Interview with Nigel Sharples of Lancashire One

Posted on - 31st August, 2009 - 12:54pm | Author - | Posted in - Business

Lancashire One screengrabLancashire One is a new on demand TV company, producing leisure and lifestyle content about Lancashire. It’s based in Preston and I caught up with one of its directors, Nigel Sharples.


Sitting on the top floor of the Media Factory at the University of Central Lancashire, Sharples has just returned from filming at the Bolton Food Market.

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“It was great,” he enthuses, “we managed to escape the showers and got some great footage of all this local food. The local mayor was there and he turned out to be a great guide for the video, a real character. We also spoke to local chef Paul Heathcote who was explaining how important local food is to restaurants.”

Watch an example of Lancashire One at work

Lancashire One does this, goes into depth on the life of the county – that North West Tonight and Granada Reports don’t have the time to do.


“We want to produce high quality local video”, says Sharples, “We’re a leisure and lifestyle channel, with a focus on the surrounding area. We’re a channel focused on local happenings, and with the use of the Internet for video taking off now – when we started people were just getting used to it – but now with the take off of BBC iplayer and Youtube the idea of ‘video on demand’ is really beginning to catch on.”

Lancashire One started under a different name in 2006, when Sharples and his fellow director came about with the idea of producing video content about Preston in the build up to the Preston Guild in 2012. The idea snowballed from there and they realised there was a niche for quality local video content and expanded the idea into Lancashire One. Sharples is keen to expand the idea into other areas.

He said: “We have a very liberal view of the boundaries of Lancashire, we’ll cover everything in ‘old Lancashire’ and we are expanding into Cheshire soon and then the idea is to expand into every county – so there will be a ‘County One’ everywhere.”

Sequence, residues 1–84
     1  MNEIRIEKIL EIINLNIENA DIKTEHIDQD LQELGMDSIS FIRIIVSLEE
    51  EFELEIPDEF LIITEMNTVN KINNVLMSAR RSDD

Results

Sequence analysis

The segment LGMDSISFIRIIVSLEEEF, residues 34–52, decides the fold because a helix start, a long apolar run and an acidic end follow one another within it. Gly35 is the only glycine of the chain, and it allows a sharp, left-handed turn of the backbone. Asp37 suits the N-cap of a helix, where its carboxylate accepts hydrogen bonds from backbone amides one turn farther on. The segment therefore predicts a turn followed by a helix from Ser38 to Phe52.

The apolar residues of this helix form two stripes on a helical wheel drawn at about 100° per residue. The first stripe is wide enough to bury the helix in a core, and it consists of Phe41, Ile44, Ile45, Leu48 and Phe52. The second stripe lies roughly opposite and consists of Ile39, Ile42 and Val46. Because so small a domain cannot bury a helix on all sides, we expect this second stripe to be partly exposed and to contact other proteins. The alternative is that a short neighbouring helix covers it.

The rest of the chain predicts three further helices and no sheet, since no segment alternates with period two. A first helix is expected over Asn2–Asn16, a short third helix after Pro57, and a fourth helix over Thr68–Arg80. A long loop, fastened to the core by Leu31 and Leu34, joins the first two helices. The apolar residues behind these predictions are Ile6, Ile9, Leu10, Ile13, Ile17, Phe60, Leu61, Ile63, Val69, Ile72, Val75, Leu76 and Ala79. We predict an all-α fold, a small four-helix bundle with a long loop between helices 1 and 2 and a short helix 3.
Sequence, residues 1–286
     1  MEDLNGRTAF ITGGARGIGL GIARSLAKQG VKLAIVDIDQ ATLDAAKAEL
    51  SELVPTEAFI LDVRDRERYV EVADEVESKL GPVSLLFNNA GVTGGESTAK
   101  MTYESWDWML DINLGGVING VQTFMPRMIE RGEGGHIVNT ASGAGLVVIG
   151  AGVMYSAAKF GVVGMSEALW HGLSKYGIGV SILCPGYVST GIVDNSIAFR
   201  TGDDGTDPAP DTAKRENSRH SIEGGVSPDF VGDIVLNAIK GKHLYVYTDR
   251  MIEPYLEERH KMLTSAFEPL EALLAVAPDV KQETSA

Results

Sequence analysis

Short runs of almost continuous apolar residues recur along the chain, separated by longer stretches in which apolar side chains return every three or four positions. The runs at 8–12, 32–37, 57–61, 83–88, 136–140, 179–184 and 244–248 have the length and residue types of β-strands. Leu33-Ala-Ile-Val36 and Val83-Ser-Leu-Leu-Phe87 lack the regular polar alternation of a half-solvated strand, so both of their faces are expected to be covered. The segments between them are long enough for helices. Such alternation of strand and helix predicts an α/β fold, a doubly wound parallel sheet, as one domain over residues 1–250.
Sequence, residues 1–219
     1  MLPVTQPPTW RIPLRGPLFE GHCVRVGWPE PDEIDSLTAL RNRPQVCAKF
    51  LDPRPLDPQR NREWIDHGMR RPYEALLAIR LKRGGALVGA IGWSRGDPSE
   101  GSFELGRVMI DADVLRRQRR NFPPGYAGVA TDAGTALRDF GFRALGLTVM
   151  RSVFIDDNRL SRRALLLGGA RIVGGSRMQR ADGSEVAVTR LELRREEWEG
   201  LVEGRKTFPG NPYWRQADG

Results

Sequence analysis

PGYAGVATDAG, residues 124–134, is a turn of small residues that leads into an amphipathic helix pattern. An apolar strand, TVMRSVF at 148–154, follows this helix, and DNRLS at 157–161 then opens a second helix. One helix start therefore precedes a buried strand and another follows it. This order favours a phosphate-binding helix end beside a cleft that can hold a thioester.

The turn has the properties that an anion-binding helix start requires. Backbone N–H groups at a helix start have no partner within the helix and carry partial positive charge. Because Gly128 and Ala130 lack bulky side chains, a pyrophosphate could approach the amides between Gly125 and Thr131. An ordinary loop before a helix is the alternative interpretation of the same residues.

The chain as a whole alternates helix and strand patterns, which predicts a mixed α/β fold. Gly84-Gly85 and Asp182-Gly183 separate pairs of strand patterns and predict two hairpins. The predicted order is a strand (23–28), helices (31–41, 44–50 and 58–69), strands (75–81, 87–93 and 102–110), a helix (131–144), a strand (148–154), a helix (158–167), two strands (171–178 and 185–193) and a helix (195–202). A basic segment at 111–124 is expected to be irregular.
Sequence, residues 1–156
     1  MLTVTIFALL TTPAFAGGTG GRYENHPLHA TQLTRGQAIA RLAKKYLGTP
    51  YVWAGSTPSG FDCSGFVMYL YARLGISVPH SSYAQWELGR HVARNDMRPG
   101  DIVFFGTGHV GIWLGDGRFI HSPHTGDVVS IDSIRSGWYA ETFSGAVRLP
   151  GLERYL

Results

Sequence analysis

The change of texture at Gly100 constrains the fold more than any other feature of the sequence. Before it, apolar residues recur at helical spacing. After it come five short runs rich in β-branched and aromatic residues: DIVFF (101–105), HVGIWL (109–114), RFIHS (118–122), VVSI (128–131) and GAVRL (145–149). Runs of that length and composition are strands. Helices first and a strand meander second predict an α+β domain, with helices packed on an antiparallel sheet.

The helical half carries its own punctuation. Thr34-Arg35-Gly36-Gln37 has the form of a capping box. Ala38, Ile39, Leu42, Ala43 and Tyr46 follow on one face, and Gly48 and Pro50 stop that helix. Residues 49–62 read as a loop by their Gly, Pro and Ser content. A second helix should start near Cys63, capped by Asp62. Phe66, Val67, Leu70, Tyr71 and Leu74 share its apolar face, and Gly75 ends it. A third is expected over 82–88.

How is this sustainable as a business? Sharples feels they’ve come up with a business model that is necessary for the future of digital video.

“Research shows that people are fed up of commercials,” says Sharples, “our model works by creating sponsored programmes, where instead of getting a bunch of adverts at the start or half way through, we would create a programme – for example gardening, and the gardening show would come from the garden centre that was sponsoring it. We might then also get sponsorship from a seed company because we were using their seeds in a piece on the show. It’s still quality content but the advertising isn’t intrusive.

“We also want to leverage the interactivity of the web and when watching a video on our site, surrounding it might be adverts for related products.”

For Sharples, broadcasting has always been his career. He left school at 18 and joined ITN, and worked on the moon landing programmes. From there he moved to the BBC and local radio, before switching back to Granada and then setting up his own production company. However, he’s excited by the opportunities that on-demand digital video brings compared to the old format.

“It’s a new way of working”, says Sharples, “people want to watch what they want, when they want it. We think that it’s only going to get bigger and we’re well placed at Lancashire One to take advantage of it.”

The company is based in the Media Factory at the University of Central Lancashire and has benefitted from the Northern Lights programme, that supports new start-ups. Sharples has nothing but praise for the programme.

He said: “It’s been very useful to be part of the programme and for us it’s helped us to get a wide range of contacts and we’ve also been able to use the editing facilities in the building which are second to none.”

The company will soon be moving into their own premises and their continued expansion will rely very much on the relationships they can build with the local community.

“We need to build our friends within the community”, says Sharples, “we’re looking for local correspondents, they can get involved in creating programmes and get trained up, in return we can give them space on our website and create a local noticeboard for their area. We also need to build links with local groups, websites and blogs to find new and interesting content. If we do this, we’ll have a vibrant group of people working to help us find new programmes.”

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